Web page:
Is it helpful to provide social security numbers or is that no a good idea

+10 votes
84 views
asked Jun 9, 2016 in Genealogy Help by Rick Miles G2G Crew (460 points)

5 Answers

+6 votes
 
Best answer
I have been recording the Social Security Number in my personal database, but I have not yet added it to the profiles I've created.  I have  relatives with very common names, so I intend to add it in the biography to enable others to verify sources.  This will only be helpful for comparing 20th century U.S. records, though.

Since the SSN appears on death certificates, employment documents, and military records (for mid to late 20th century documents), it will enable someone to verify that they are sourcing the record for the correct John Thompson or William Jackson.

But, as Anne has already mentioned, it is important that we never list a SSN for a living person.
answered Jun 10, 2016 by Star Kline G2G6 Pilot (485,990 points)
selected Jun 10, 2016 by J V
+9 votes

I had considered adding the SSN but then I thought of the security issues that come along with having it out there. Even deceased people are targets for identity thief. I just state SSN (in records) when I post a SSN Source or U.S., Social Security Applications and Claims Index reference etc. .

answered Jun 9, 2016 by Dorothy Barry G2G6 Pilot (939,780 points)
+7 votes
I can't see where it would be helpful at all. Nobody searches for deceased people by SS #, but rather by name. And obviously, it's not a good idea for living people.
answered Jun 9, 2016 by Anne B G2G6 Pilot (888,250 points)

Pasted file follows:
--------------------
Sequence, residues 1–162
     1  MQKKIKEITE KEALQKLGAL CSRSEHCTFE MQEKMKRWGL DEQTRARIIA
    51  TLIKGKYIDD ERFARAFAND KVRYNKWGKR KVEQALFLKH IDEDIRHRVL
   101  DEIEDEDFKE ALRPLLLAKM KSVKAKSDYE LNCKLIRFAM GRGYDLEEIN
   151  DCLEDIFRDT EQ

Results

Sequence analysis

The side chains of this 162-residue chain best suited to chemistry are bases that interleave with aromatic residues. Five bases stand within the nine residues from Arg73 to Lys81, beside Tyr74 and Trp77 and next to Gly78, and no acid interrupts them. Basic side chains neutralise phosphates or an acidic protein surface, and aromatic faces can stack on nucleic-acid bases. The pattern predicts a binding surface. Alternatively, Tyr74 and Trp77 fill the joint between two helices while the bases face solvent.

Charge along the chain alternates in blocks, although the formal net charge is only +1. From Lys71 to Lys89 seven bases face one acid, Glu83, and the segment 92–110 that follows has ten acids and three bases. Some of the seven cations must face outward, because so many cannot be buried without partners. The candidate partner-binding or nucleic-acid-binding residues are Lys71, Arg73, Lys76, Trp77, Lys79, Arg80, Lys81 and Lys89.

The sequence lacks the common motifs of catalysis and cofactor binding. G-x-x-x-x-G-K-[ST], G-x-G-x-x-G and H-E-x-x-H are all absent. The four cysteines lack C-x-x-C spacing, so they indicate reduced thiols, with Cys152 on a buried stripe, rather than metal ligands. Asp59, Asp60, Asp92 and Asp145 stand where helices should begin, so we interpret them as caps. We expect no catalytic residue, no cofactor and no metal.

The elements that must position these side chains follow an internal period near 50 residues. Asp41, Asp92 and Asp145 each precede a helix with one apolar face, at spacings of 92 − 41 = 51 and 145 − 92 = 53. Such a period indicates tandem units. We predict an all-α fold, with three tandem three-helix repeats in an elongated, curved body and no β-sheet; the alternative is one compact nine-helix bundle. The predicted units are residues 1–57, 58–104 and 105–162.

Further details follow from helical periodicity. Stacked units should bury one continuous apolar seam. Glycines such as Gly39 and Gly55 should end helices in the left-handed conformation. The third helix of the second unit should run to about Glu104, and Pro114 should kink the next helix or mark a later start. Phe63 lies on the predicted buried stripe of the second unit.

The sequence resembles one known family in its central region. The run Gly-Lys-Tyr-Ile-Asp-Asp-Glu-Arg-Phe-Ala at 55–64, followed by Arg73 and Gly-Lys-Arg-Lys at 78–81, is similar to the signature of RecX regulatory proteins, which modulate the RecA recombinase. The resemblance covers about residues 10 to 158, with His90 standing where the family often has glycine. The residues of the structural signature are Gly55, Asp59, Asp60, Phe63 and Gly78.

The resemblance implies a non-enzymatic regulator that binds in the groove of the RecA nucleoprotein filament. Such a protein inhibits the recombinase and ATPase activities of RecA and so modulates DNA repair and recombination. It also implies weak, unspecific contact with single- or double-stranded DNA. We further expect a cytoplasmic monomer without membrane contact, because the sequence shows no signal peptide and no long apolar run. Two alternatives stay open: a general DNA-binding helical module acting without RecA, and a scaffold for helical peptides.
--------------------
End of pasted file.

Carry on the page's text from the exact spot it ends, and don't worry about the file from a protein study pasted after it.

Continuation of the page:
+5 votes
Hi Rick, I've never really thought about it.  Though I do just copy/paste - and only for the deceased.  Must reconsider this.  Thank you for raising this question.
answered Jun 9, 2016 by T Cassidy G2G6 Mach 5 (57,430 points)
+4 votes
The only time I've found the SSN useful was for a relative that was in the Army, in WWII I think, and I had his discharge papers which had his SSN.  I later found  him in the SSDI and thus knew it was correct person even though he'd been estranged from the family for a long time.
answered Jun 10, 2016 by Dave Dardinger G2G6 Pilot (351,700 points)
Similar to Dave, I have a few distant cousins of mine who served in the military and then lost touch with the family.  Finding their Social Security numbers in military records then helped me track them down in the SSDI.

For two of these distant cousins, I would have not been able to track down when/where they died without having their Social Security numbers.  Here is a good example of one of these:

http://www.wikitree.com/wiki/Bender-404

I also agree that there is no reason that we should ever list Social Security numbers of living people.

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